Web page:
Live Music returned to the Red Hat Amphitheater as venue still preaching safety ::

— Live Music returned to the Red Hat Amphitheater in downtown Raleigh Thursday night.

The six-week concert series is a big step in North Carolina’s rebound from the pandemic.

It’s the sound of live music that people like Raleigh’s Genesis Atkins have been waiting for; a chance to get off their feet and move to the beat at a venue that’s been shut down for 18 months.

“Excited to be back out,” Atkins said.

It’s an experience so many have missed.

“You can really enjoy and engage with the other people in the crowd and the audience that’s around you,” said concert-goer Shaun Harris. “They bring you in and it feels more personal. They are engaging with you on stage.”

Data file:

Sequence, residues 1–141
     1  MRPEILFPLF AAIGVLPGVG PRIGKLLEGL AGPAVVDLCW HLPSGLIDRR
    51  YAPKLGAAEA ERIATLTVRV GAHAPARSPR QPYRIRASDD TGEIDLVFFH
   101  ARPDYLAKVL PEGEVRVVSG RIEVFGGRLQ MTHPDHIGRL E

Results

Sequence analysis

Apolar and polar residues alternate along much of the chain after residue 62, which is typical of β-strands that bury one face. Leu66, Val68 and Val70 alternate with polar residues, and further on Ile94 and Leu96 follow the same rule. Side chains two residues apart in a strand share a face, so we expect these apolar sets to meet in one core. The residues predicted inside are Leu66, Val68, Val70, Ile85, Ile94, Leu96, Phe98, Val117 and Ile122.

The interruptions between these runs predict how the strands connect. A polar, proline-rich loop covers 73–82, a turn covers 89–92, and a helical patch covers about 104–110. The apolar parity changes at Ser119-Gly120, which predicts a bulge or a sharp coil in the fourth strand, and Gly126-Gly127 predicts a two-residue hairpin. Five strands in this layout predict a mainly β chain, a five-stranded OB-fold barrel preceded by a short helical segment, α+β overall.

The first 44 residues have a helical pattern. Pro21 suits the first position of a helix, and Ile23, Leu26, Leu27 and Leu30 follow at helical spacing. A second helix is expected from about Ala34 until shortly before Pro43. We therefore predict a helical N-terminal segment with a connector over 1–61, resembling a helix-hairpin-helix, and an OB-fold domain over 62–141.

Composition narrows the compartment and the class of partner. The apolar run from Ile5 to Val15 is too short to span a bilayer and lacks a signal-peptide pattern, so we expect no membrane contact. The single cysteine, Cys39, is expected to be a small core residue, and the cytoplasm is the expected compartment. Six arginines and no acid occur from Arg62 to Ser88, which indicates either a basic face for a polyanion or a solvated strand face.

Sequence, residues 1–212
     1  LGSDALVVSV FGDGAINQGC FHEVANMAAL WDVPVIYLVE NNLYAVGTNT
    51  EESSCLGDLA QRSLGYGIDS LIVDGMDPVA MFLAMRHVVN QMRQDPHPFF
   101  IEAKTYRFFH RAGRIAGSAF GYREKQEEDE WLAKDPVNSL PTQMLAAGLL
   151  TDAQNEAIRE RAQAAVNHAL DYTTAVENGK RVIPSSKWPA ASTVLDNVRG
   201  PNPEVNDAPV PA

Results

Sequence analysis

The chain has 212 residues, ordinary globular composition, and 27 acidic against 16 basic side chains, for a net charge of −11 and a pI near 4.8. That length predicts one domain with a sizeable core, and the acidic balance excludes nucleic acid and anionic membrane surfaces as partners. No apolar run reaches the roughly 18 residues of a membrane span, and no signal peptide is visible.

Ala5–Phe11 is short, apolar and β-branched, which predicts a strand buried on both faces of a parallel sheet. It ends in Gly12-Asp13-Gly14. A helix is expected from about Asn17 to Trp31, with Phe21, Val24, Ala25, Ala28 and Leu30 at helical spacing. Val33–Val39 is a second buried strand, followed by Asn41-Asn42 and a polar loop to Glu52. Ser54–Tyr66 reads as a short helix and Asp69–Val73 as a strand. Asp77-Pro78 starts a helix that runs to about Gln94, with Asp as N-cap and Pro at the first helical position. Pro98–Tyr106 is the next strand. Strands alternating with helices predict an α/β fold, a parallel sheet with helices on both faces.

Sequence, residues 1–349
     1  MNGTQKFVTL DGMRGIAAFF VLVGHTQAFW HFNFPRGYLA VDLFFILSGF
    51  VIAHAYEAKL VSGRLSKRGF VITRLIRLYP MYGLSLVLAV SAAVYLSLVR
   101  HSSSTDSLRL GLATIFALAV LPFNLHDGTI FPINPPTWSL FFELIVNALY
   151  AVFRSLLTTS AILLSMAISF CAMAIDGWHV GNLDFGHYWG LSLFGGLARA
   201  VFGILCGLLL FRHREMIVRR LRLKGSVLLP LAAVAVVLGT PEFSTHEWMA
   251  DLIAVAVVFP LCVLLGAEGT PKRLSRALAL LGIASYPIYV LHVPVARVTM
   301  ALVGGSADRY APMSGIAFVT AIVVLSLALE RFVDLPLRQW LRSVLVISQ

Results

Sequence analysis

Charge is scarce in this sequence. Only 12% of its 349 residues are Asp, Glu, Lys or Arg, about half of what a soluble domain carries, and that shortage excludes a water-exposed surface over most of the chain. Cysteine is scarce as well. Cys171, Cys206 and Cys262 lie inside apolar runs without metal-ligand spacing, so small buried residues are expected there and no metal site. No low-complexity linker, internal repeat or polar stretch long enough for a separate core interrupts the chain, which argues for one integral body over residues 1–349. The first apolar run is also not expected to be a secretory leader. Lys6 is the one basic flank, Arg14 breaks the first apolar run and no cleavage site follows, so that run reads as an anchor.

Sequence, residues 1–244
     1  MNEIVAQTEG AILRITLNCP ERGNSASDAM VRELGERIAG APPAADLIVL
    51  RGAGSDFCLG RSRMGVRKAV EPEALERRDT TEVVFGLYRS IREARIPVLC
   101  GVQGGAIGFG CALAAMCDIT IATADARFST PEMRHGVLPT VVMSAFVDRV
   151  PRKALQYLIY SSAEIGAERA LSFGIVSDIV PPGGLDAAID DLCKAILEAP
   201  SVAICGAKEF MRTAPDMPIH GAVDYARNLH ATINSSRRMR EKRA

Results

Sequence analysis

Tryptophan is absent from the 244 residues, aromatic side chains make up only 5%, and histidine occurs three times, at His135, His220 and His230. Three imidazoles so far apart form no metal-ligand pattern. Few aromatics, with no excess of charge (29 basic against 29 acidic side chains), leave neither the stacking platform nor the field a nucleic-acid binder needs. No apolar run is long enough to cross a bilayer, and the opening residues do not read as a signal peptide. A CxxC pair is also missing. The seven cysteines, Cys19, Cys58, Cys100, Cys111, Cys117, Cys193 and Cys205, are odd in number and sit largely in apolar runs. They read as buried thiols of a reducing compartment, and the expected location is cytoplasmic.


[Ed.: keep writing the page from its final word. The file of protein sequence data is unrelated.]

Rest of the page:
The City of Raleigh is hoping tickets as cheap as $5 will help bring people back out.

The concerts aim to increase foot traffic downtown, helping struggling businesses and restaurants while putting local musicians back to work.

Charlie Smarts and Ill Digitz are part of the hip-hop group Kooley High – which they formed 15 years ago at NC State.

Thursday was their first gig since the pandemic began.

“A lot of us forgot going out and hanging out with friends and stuff, so I hope everyone remembers they can have fun again,” Smarts said.

To do it safely, Red Hat removed thousands of chairs to make room for pod-style seating with contactless ordering, along with table service to avoid a crowd at concessions.

“We tried to give people some options. People can sit close, they can sit in their bubble, they can sit separate,” said Kerry Painter with Red Hat.

This is just the start and fans say they’re ready for more

“Our days are numbered,” said Raleigh’s Sophia Arias. “We don’t know when we’re going to die so I’d rather die at a concert.”

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